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gladiolii

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  1. @J13 A fellow 3310 fan! I see you have great taste haha. Thanks for the warm welcome! I actually wanted to mention 3310 in the previous clarification, but thought it might seem strange since these fictional immortals treat reincarnation so casually (it's like going to a spa retreat for them lmao), whereas our very mortal characters here only had this one chance to get it right. I like that the writers/director for GMP left the ending open to interpretation in this way tbh. I personally thought the scenes of her sitting on the sand to be a figment of his imagination, that he was always seeing her just at the edge of the horizon and so he will roam the desert forever looking for her. That scene of him deluding himself into thinking that she's still alive in his convo with Pei Zhao resonated so strongly with me that I chose to interpret it this way, as his desperation and longing to see her. But if we go with your interpretation, it would tie in really well with the "xiao hu li" song with their roles being reciprocal now. There is beauty in the idea of the shepherd girl sitting on the sand dunes, biding her time now that death has released her from their transgressions. Her last lines quoting the song could also be interpreted as a sign of true forgiveness as she acknowledged that she understood him in her own way. Either way, I thought that the juxtaposition was beautifully shot and certainly showed a sense of longing across a great distance/divide. Who's overthinking now? It's fascinating to me that your and my interpretations are like two sides of the same coin, with respect to who these characters were. They were that real. It's masterfully done on the writers' part, and the director did an amazing job bringing all of it to life. I will be paying a lot of attention to this director's work in the future for sure. But, for my own personal closure to this drama, I would like to think that since he spends the remainder of this lifetime looking for her, his soul will go on seeking her even after his body stops. This way, I can imagine that his soul will still remember this sense of longing at their next meeting, even if hers would not. The second he sees her, he would know. For me, that would be a true and final redemption, to release him from the weight of all his previous mistakes. Edit: Then again, at this point it would be pretty strange for a drama so grounded in reality to break that atmosphere entirely, so I'm satisfied with the way things ended. Sorry for the essay!
  2. lol same, fingers crossed that they have a second period drama project together in the future, and we can all pretend that's the reincarnated LCY and XF. If we get lucky enough and they shoot an "epilogue" episode or extended material, I hope they keep the current tragic ending. I would maybe hope for a scene where a reincarnated LCY and XF meet as strangers, with him in shock at first sight as he remembers everything about her even after reincarnation, while she only senses that he is familiar and smiles at him. LCY only ever looked at peace in the drama seeing her smile like that anyway. At least we the audience would know that they wouldn't have politics to screw things up this time. Sigh. A girl can dream.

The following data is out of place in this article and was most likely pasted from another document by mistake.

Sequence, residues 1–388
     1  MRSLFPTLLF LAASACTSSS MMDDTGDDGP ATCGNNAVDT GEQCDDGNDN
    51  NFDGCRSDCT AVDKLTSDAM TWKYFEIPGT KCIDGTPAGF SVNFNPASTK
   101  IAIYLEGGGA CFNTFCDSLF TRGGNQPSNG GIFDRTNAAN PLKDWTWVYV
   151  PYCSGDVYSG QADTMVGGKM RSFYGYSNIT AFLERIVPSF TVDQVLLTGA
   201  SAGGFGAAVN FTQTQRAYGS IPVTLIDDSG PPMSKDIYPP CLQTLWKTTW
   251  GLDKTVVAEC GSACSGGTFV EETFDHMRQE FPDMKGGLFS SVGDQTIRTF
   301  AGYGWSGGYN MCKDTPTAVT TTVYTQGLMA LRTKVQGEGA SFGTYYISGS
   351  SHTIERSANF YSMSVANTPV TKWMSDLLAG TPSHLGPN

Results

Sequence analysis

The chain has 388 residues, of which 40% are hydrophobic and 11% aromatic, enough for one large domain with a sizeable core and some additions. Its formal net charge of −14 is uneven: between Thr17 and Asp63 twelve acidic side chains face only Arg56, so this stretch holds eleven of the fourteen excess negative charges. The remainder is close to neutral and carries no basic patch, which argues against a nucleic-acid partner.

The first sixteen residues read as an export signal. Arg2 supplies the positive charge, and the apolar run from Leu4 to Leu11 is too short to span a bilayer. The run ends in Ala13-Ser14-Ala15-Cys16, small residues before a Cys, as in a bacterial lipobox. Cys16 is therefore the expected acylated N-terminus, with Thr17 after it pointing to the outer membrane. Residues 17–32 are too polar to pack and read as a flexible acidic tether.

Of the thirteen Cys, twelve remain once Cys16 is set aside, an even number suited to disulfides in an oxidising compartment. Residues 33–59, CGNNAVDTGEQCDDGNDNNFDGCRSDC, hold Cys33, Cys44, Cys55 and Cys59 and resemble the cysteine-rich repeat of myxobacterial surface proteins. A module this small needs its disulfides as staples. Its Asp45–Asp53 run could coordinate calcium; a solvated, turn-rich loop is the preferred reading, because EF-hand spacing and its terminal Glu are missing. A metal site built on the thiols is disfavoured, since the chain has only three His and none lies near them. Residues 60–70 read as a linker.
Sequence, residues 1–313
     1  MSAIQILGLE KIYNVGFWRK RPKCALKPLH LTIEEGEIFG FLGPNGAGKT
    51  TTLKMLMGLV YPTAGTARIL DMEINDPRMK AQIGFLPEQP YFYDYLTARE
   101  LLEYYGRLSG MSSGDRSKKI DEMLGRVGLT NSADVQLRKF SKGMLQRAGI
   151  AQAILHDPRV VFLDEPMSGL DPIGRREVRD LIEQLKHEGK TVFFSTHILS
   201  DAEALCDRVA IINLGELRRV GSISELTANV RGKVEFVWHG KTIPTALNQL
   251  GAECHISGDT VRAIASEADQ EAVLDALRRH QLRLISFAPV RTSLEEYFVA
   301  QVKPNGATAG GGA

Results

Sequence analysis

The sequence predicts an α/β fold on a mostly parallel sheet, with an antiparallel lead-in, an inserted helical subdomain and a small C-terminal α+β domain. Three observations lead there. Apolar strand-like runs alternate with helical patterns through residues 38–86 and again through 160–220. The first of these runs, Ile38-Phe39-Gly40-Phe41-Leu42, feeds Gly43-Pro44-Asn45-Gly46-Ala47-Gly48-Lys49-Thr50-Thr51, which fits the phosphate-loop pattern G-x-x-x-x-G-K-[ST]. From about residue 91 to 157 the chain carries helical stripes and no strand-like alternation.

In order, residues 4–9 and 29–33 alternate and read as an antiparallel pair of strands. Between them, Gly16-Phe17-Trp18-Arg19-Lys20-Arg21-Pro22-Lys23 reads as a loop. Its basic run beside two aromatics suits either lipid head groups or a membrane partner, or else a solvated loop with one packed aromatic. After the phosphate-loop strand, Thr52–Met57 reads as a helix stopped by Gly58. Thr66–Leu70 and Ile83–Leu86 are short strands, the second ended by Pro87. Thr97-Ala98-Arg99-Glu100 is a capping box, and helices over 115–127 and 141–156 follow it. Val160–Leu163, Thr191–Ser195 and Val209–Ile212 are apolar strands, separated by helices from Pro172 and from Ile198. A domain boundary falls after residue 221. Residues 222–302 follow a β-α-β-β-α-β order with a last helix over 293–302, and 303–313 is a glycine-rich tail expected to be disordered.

3. This is my first post after lurking for a long time in this thread. I finally decided to delurk to share a bit of the cultural perspective of the whole "three lives" statement to clear up any lingering confusion. Usually the saying "three lives" is about reincarnation, so it's not literally talking about their amnesia or their second meeting and marriage, at least not directly. The phrase is used to talk about two souls who have such a strong destiny together (whether good or bad) that they can't help changing the course of each other's lives, even past the point of death (aka multiple lifetimes). The number 3 just so happens to be a very significant number in Han Buddhism re: reincarnation, and since it also rhymes with "life," that's why it is often used as a flowery way to talk about reincarnation and destiny. Essentially, to the Chinese audience, the monk in the scene isn't telling them that they will get three chances in THIS lifetime together. Instead, consider it more of a bad omen or the foreshadowing of tragedy in their lives if they were to continue on their predestined paths. When the master (a senior monk) singles them out especially to tell them not to "force" what is not meant to be, and especially makes sure to repeat this warning to LCY not once but multiple times, that's a bold letter warning to him to be careful, or there will be tragedy. To the Chinese audience, this is another way to soften LCY's actions, by also turning him into a victim of a force that he had no control over. If it helps at all, this also implies that since LCY and XF are inexplicably bound together through multiple lifetimes--even if LCY doesn't find her or have a HE with her in this lifetime, he will repay the debt he owes her in a future lifetime somehow. This is his karmic debt to her and imo the way they end the series seems to have this intent as well. Hope that helps!
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